Yet another northern stream system will be dropping down from Canada this evening and progressing very quickly off to the east on Tuesday. This quick-moving disturbance will have a high likelihood of bringing a measurable snow threat for the northern areas of the NY metro by early-mid afternoon tomorrow. Steady snow should begin just after the bulk of the morning commute on Tuesday. With the upper-level jet streak in a favorable position overhead, as well as sufficient low-level moisture advection (the movement of moisture in the lower levels of the atmosphere) taking place, a band of light to moderate snow should become fairly widespread over the northern half of New Jersey, Long Island, Southeast New York, and most of Connecticut. While the upper-level system associated with this snow is rather impressive, this system is much like the others that have come before and will remain solely connected to the northern stream and a deep continental polar air mass. While providing sufficient cold for snow, this will limit the overall potential moisture from this system.
Today’s model guidance has been consistent in showing that the low pressure system will then reform off of the New Jersey coast and just to the south of Long Island sometime during the mid-late afternoon hours, which should create enough subsidence (sinking air) in the atmosphere to end the snow across portions of Central, NJ. Eventually, snow will taper off over Northern New Jersey, Long Island and eventually Connecticut towards the evening, with some areas of Connecticut hanging onto the light to moderate snow rates for a little longer. In general. accumulations should range on the lighter side with 1-3″ being commonplace, with locally higher amounts possible in Southern, NY and portions of Connecticut. Regardless, Tuesday should be a wintry day with slick conditions possible for the evening commute, so stay aware of road conditions when driving!
Later in the period, our attention turns towards this weekend as a potent shortwave from deep in the Pacific comes ashore along the Oregon/California coast late this week. Like past systems that have affected the Northeast, this shortwave is currently progged to head east while embedded within a relatively fast atmospheric flow, however this wave (if the pattern is favorable enough) may possibly interact with the northern stream that has been quite active as of late. This combination could produce a quick-moving low; and over the past two days most of our reliable guidance has shown us a variety of solutions as well as possible impacts from this system if it reaches our area ranging from snow on Super Bowl Sunday, to a more suppressed system that could miss our area to the south.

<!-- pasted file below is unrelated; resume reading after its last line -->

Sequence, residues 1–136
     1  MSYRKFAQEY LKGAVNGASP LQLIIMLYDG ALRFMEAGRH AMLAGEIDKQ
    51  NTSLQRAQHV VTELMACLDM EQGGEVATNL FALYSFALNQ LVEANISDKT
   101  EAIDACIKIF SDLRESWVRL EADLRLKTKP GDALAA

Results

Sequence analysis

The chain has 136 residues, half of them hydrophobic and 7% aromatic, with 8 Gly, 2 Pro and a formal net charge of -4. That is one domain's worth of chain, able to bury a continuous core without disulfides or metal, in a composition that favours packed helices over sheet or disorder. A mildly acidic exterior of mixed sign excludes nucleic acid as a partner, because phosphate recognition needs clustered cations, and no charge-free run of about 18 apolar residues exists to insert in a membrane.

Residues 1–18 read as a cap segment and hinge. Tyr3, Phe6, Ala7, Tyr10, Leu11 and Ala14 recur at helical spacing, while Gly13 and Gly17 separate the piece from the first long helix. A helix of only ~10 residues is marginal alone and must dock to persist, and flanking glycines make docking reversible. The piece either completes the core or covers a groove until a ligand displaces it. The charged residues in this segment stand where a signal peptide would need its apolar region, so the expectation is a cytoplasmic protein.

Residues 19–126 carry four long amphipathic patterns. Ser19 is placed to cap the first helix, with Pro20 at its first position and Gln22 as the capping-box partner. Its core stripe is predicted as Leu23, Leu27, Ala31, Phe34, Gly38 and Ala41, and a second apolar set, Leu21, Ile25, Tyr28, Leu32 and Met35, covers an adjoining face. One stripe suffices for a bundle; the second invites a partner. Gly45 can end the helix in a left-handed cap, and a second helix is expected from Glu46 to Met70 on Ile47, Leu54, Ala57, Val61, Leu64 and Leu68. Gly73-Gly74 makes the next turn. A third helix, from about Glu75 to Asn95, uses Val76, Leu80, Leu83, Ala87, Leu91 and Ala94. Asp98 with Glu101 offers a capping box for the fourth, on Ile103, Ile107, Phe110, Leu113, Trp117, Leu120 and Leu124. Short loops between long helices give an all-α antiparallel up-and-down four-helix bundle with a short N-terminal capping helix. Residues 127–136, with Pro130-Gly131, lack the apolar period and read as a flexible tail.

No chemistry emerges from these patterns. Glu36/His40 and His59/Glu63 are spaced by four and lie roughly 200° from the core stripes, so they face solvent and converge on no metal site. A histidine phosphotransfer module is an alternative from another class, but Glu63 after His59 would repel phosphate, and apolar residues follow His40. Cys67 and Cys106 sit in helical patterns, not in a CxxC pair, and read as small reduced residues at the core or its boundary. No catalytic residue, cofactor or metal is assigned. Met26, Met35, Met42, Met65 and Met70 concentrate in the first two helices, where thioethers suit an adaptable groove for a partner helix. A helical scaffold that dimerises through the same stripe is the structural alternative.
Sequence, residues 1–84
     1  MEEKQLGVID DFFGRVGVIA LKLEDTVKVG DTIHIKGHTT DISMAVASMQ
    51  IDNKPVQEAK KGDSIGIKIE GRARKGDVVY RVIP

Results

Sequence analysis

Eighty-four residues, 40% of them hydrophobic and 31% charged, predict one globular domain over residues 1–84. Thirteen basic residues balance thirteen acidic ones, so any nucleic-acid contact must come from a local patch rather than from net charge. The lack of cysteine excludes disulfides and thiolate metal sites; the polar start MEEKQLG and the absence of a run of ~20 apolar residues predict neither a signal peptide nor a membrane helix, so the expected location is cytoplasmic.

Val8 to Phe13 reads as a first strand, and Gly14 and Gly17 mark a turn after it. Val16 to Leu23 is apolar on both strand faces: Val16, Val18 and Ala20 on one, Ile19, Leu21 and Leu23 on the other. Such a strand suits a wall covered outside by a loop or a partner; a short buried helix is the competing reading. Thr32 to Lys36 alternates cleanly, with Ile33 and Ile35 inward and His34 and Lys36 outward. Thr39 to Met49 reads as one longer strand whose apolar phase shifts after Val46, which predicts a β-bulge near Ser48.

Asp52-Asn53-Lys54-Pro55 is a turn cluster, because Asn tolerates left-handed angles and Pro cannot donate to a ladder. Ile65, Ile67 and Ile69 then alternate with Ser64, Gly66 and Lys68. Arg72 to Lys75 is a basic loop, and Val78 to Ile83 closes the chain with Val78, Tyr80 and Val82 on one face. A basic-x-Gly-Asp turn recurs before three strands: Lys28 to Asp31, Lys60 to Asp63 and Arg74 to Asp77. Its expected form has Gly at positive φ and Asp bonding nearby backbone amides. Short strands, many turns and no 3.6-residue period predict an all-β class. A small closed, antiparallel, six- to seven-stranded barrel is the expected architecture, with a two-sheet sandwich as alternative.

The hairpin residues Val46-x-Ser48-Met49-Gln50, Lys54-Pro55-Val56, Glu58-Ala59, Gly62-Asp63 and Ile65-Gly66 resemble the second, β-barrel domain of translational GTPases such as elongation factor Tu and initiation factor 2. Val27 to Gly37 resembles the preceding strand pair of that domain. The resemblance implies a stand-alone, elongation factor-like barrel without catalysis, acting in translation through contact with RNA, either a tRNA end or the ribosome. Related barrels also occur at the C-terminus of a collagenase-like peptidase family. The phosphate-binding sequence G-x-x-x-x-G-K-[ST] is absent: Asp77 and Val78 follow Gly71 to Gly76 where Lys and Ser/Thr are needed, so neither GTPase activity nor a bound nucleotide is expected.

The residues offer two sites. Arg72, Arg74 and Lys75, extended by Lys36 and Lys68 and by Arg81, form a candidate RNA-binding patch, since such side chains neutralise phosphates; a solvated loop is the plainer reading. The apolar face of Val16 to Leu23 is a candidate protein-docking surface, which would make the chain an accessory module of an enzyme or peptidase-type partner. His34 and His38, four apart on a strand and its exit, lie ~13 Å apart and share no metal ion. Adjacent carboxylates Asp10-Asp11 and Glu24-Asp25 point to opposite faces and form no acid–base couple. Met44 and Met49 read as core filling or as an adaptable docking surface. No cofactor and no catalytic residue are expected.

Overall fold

The latest trend in the models today has been for more of a flat and progressive flow along with a weaker Pacific shortwave. This would ultimately limit the impacts for our region, but this could very easily change as there are many moving parts with this possible system and none of these pieces will be sampled for days. One of the key pieces to this puzzle will be how much ridging we will have available in the western states, as this will help dictate how much northern stream energy can phase into this system as it heads east. Another key is how strong this system is when it comes ashore later this week, as a stronger storm would likely be more susceptible to a cleaner phase along with more direct and significant impacts for our area. We will continue to monitor the latest guidance over the next few days and provide updates as they become available on this potential threat.
Be sure to stay tuned throughout the next 24 hours to get the latest on the low pressure system that will be producing area-wide light snow for our area. Posts like this one are available multiple times each day to Personal and Commercial clients, including Zone Forecast subscribers. Contact us today for more info!
Have a great evening!